…the world has insanely low interest rates pumping massive amount of money into the system.

    A lot also depends on when they pull the rip cord on ZIRP . That’s going to be a shock to the system.

  52. drey says:

    “A lot also depends on when they pull the rip cord on ZIRP . That’s going to be a shock to the system.”

    Yeah, regardless of the timing Mr. Market will take it hard. Got a feeling bonds/treasuries are poised for a massive hit but maybe not for a few months with too many jittery investors seeking shelter from the commodity/equity wreck just now gaining momentum…

    Don’t know if I should stick it out with TBT or dump it and buy back in later.

  53. Eye Wall says:

    Pretty tame in the S&P’s tonight, getting the standard tailwind from a big down day.

    Have hated China (market) for a long time now. Reminds me of USSR and other ‘planned’ / too-much-Gov economies, they never seem to stand the test of time. Hmm, now that I’ve just written that it strikes me I could, increasingly, insert the three letters – U.S.A. – in place of China.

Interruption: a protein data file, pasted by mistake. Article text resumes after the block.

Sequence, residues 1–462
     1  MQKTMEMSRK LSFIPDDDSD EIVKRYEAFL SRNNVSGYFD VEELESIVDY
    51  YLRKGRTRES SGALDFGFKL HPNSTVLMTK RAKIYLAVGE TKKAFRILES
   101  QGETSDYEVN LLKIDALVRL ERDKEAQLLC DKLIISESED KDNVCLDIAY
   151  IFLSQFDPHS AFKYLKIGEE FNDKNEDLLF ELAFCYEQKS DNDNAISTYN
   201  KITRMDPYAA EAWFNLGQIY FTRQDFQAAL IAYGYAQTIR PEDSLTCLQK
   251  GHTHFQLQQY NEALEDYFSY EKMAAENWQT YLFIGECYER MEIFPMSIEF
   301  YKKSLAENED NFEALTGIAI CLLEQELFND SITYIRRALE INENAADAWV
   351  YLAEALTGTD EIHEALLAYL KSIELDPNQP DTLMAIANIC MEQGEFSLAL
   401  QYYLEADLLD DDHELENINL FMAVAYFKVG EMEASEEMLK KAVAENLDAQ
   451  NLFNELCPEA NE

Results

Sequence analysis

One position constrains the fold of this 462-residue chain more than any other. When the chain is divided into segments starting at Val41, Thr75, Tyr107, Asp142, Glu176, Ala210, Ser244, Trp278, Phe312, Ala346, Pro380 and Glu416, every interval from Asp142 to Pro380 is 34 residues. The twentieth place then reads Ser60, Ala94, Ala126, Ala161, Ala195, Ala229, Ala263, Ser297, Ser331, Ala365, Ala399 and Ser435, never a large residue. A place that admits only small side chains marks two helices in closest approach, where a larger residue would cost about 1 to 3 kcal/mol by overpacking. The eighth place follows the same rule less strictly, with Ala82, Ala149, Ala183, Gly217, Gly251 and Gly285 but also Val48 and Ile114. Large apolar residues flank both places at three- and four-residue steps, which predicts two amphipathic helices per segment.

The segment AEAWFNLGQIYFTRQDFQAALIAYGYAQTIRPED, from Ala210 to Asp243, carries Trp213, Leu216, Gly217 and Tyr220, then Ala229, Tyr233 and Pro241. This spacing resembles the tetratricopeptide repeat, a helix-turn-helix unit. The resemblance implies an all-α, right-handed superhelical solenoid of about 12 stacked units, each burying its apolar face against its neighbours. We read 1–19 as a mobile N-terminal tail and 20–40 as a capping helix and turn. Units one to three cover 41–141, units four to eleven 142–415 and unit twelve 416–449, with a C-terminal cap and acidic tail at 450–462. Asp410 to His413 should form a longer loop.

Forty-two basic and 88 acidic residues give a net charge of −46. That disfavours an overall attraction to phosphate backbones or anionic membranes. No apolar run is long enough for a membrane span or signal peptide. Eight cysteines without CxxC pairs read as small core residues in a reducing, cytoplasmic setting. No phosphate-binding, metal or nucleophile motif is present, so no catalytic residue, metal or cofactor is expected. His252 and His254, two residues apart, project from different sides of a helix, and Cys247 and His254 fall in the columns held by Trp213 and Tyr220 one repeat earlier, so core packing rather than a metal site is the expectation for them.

I posted a long note in the open thread from the other night so won’t rehash that here, but I’ve got to tell you, I keep looking back at the 666 low print in the S&P and contemplate how…poetic / tragic it would be to get all the way back down there and break it. Talk about the path of maximal dissapointment.

    Anymore I just trade around the market, trying to predict the future if futile. Having a bias though – and protecting capital above all else – seems to be working for me. Was short (a little) coming into today and peeled it all off by the end of the day. Was in a levered ETF (SDS) so the % return was too good not to bank. Tomorrow is a new day, be careful out there.